Eric carries both a soft shackle and 2 steel d-ring shackles in his recovery gear bag and uses them while he is rigging a recovery. They allow him to connect his straps to other vehicles, his winch line to his tree trunk protector or other stationary objects. Pros to the soft shackle are that it is light, it’s easy to store, it’s more moldable and versatile on recovery points, allows him to hook straps together and it will also float on water or other loose terrain like sand or snow. Its weight and versatility do come at a cost though and that is that is susceptible to abrasion since it is made out of rope. It is recommended to have an abrasion sleeve or a protective layer if you are using it around sharp corners to keep the rope from fraying.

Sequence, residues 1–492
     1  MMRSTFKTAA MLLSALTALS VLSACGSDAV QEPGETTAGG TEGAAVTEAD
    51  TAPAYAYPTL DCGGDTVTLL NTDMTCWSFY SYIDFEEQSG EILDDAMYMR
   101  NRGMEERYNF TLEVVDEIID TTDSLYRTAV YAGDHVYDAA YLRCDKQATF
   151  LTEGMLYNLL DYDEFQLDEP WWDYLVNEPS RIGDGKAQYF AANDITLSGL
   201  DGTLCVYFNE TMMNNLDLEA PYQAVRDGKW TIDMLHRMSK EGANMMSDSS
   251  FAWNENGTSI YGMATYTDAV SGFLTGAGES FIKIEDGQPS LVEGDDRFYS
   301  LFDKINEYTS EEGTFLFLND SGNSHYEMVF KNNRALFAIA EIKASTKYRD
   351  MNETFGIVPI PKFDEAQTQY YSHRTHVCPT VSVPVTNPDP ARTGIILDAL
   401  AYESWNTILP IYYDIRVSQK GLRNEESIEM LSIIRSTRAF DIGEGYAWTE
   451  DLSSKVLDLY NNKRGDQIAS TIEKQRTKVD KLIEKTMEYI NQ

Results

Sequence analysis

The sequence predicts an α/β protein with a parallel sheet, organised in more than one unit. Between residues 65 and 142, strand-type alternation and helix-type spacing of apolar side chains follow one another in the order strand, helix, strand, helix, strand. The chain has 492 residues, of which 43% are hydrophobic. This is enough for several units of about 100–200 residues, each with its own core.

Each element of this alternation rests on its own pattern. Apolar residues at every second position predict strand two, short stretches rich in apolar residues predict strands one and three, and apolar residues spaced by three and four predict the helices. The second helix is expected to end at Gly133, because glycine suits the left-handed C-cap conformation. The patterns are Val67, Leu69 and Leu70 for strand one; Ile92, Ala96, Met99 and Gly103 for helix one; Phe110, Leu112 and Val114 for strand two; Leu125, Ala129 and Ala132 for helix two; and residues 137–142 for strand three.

Eric’s steel shackles are very durable, strong and do not abrade like the soft shackle does. Like the soft shackle, the strength does come at a cost as it is heavier than his soft shackle, does not float on water or loose terrain and, if used improperly, can become a projectile in the event that one of your recovery straps or winch line breaks. You do NOT want to use this to connect 2 straps together because it will become a projectile should one of the straps break.